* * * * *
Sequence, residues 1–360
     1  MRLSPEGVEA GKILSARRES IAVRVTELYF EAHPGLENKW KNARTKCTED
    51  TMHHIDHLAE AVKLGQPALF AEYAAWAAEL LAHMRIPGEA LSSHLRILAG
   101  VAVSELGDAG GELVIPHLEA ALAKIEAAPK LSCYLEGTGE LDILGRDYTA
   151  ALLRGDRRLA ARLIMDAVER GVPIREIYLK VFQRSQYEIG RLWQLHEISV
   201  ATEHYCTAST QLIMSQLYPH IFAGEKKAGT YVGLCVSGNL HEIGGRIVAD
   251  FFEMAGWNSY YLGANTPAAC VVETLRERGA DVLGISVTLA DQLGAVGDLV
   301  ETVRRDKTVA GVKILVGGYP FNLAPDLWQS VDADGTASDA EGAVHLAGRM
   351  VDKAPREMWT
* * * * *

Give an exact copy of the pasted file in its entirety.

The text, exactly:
Sequence, residues 1–360
     1  MRLSPEGVEA GKILSARRES IAVRVTELYF EAHPGLENKW KNARTKCTED
    51  TMHHIDHLAE AVKLGQPALF AEYAAWAAEL LAHMRIPGEA LSSHLRILAG
   101  VAVSELGDAG GELVIPHLEA ALAKIEAAPK LSCYLEGTGE LDILGRDYTA
   151  ALLRGDRRLA ARLIMDAVER GVPIREIYLK VFQRSQYEIG RLWQLHEISV
   201  ATEHYCTAST QLIMSQLYPH IFAGEKKAGT YVGLCVSGNL HEIGGRIVAD
   251  FFEMAGWNSY YLGANTPAAC VVETLRERGA DVLGISVTLA DQLGAVGDLV
   301  ETVRRDKTVA GVKILVGGYP FNLAPDLWQS VDADGTASDA EGAVHLAGRM
   351  VDKAPREMWT